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URGENT! The Pongo Fund Pet Food Bank Needs Help

By Linda Cole

CANIDAE has been a huge supporter of The Pongo Fund Pet Food Bank since 2009, when their initial donation of $125,000 worth of premium pet food helped this very important charity open their doors. Larry Chusid founded The Pongo Fund Pet Food Bank to help people feed their beloved pets, so the animals can remain with the family instead of being surrendered to a shelter. Although many who receive the lifesaving pet food from The Pongo Fund never imagined they’d ever be unable to feed their pet without help, it can and does happen to all walks of life.

To date, The Pongo Fund Pet Food Bank has provided meals for over 50,000 hungry animals throughout Oregon & Southwest Washington. Now it’s our turn to give back to Larry and The Pongo Fund, and I’m asking for your help.

The Pongo Fund is entered in the Chase Community Giving contest for a share of $5 million in grants to the winning charities. A win for The Pongo Fund would come at a very good time, because the charity was recently forced out of their building after it was severely damaged by rain and slated for demolition. The pet food bank has located a new home, but will now have to pay rent and restock the warehouse.

CANIDAE will continue to lend a hand with donations of their premium pet food and treats, but it takes more than one company to keep Larry’s lifesaving work going. Winning $50,000 would go a long way in helping The Pongo Fund get back on their feet so they can continue to feed pets in need.

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How to Train a Cat to Do Tricks

By Julia Williams

“Train a cat? Ha ha! Very funny. That’s a joke, right?” No, it isn’t. Contrary to popular belief, it is possible to train a cat to do tricks. You really can teach your cat to sit, shake, give you a high five, fetch on command and any other trick you want. But (and this is a BIG but)… it won’t be easy. Then again, if it was too easy the thrill of victory wouldn’t be half as sweet!

If you want to teach your cat to do tricks, you need a wealth of four things: patience, determination, time and cat treats. Anyone who is familiar with the independent nature of cats knows why training them requires lots of the first three things. Unlike our canine friends, cats really have no innate desire to please anyone except themselves. As for the cat treats, there’s simply no greater motivator for felines than food. Praise? Cats have no use for praise, and although most do enjoy a good brushing or petting, it’s just not enough to inspire them to do your bidding.

So before you begin to train a cat, it’s wise to stock up on some tasty cat treats. You really can’t go wrong with FELIDAE TidNips™. These soft cat treats are made with real chicken meat and supplemented with Vitamin E, an antioxidant, and Omega-3 fatty acids for a healthy skin and coat. More importantly, they are delicious! (No, I haven’t eaten any myself, but the reaction I get from my three cats at treat time is all I need to know).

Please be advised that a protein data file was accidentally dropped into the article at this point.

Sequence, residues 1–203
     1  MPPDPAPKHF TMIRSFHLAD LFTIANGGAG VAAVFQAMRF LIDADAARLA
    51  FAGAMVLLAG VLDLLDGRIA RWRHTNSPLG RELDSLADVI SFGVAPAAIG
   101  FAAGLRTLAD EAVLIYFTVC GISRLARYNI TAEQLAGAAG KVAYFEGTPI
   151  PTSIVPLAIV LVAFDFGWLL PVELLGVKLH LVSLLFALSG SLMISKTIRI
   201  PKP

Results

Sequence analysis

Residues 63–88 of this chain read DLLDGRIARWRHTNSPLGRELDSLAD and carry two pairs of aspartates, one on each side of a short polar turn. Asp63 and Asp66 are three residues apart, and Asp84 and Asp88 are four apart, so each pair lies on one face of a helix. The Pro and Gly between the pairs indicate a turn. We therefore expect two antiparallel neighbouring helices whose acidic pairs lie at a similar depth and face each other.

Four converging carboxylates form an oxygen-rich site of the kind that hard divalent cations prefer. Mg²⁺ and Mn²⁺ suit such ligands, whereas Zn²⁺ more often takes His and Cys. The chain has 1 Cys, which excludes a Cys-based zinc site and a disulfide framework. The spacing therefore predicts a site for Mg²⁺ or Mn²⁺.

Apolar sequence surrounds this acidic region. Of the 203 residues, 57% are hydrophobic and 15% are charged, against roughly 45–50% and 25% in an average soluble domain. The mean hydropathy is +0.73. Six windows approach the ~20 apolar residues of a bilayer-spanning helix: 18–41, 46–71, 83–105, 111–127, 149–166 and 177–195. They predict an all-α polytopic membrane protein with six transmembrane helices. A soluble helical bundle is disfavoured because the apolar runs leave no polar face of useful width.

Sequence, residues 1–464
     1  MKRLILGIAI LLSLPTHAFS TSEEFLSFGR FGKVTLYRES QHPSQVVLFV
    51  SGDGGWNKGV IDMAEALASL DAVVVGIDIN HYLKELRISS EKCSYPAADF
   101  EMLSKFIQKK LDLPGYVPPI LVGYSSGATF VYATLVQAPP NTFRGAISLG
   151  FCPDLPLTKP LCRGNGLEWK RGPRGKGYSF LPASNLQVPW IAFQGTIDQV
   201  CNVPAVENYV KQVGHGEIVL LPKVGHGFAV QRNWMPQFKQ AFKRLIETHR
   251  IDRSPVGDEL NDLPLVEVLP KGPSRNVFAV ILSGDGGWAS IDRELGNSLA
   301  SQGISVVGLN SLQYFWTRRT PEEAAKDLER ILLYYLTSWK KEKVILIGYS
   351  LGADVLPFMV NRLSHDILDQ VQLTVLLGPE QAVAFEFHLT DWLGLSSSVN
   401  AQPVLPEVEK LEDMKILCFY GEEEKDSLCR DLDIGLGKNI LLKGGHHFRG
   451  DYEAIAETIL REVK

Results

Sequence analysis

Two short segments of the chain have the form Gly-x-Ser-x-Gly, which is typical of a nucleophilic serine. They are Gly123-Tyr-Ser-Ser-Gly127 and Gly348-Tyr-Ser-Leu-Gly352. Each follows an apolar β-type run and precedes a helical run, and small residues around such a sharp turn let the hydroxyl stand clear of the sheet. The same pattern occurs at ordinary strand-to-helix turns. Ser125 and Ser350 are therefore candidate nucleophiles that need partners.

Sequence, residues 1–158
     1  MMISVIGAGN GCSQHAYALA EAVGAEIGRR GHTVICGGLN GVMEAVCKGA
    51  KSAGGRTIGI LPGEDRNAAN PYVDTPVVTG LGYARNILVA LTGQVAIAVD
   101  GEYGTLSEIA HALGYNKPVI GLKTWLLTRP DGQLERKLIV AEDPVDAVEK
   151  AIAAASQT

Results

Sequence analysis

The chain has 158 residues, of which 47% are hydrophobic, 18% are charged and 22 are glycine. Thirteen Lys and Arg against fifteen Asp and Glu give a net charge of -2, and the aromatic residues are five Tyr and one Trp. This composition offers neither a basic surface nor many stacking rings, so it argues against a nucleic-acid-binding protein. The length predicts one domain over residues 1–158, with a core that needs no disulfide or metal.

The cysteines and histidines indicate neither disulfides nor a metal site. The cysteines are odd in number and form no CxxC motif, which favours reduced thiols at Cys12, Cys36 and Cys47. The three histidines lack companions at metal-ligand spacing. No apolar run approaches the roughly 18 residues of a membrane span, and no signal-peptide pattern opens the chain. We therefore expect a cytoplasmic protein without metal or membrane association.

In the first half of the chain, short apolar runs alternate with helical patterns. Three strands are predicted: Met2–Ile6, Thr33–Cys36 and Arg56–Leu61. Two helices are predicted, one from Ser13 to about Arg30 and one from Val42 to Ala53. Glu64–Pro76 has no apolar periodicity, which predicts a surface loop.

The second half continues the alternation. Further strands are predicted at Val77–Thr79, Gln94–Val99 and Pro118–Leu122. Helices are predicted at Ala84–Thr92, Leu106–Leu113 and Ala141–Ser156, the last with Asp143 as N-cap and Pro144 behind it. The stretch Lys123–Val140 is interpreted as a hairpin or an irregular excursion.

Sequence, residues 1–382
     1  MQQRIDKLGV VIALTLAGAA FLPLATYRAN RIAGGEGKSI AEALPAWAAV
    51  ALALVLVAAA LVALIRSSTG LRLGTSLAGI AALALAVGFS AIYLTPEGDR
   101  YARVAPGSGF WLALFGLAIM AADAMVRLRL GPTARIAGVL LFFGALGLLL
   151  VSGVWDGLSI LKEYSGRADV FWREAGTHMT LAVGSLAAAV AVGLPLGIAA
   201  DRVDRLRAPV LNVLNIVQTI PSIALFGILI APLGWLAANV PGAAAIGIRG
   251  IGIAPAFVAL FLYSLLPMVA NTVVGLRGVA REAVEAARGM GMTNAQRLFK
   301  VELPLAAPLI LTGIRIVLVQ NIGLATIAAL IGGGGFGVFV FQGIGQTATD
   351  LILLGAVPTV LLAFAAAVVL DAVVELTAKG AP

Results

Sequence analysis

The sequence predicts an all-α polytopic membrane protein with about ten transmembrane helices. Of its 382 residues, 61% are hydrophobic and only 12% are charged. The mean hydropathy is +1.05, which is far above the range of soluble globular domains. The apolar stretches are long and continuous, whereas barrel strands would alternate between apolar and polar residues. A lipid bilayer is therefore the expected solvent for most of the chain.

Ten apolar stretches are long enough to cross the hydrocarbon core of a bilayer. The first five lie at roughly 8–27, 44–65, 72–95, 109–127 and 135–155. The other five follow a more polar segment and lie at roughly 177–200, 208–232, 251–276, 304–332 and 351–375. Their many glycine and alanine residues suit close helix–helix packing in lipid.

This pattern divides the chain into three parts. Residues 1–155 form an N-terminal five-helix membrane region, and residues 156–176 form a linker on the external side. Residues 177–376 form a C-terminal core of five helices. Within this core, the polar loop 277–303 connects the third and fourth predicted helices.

If you let your cat “free feed” dry food, consider switching to two feedings a day and remove the 24-hour kibble buffet. Then you can try training your cat to do tricks before their scheduled meal time, which makes the food reward even more motivational.

Another important aspect of cat training is that you have to coax them to do what you want, such as “sit” or “shake.” When they do, say the command loudly and clearly, and immediately give them their food reward. You can also praise them lavishly and pet them, although as I said before, this is not nearly as effective as the cat treat.

If you don’t succeed after a few days (and you probably won’t), don’t get discouraged. Remember the old adage, “Rome wasn’t built in a day.” Simply keep trying. Trust me…training a cat to do tricks can be done!

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Therapy Dog Comforts Kids and Seniors with Teddy Bears

An Interview with the Amazing Stacey Mae 

By Langley Cornwell

Stacey Mae is a beloved therapy dog in Canon City, Colorado. With over 19,000 Facebook fans, this Greater Swiss Mountain Dog’s good deeds span the globe. Some of us at the CANIDAE Responsible Pet Ownership Blog wanted to know more about this four-legged angel.

I had the opportunity to interview Stacey Mae. With a motto like Never Give Up, Never Back Down, Never Lose Faith, you get a sense of the dog and her guardian’s character. Throughout the process, however, I was only granted access to Stacey Mae herself. Apparently her guardian wants all of the credit and acclaim to go to Stacey Mae. Maybe that’s another peek behind the curtain?

Our interview:

What made your family get involved in canine nursing home therapy? 

My family had another Greater Swiss Mountain dog named Gracie who visited nursing homes for several years. They wanted to do something nice for the elderly and knew that people in nursing homes really like dogs. Gracie was mellow and loved people, so my family thought it would be a good fit. Unfortunately, the nursing home where Gracie visited closed down. When that happened, my family stopped going. Then Gracie crossed the Rainbow Bridge in 2008.

Sorry to hear about Gracie. What happened next? 

Once Gracie passed away, my family thought I would do a good job visiting homes since I am so relaxed. I don’t lick, and just like to spend time with people. I’m fine if people want to pet me and if they don’t, I’ll just lay down near them to keep them company in their final days, months or years.

How old were you when you started?

Just a little over a year old.

What do you most like about being a therapy dog?

The people; I’ve met wonderful people at the nursing home, and I can tell I’m helping. Even though it is hard to say goodbye, knowing I helped make their time better is worth it.

Then you wanted to do more? 

Yes. After about 2 years of simply visiting the elderly, we wanted to do something more. So in October of 2010 we launched the Teddy Bear Project.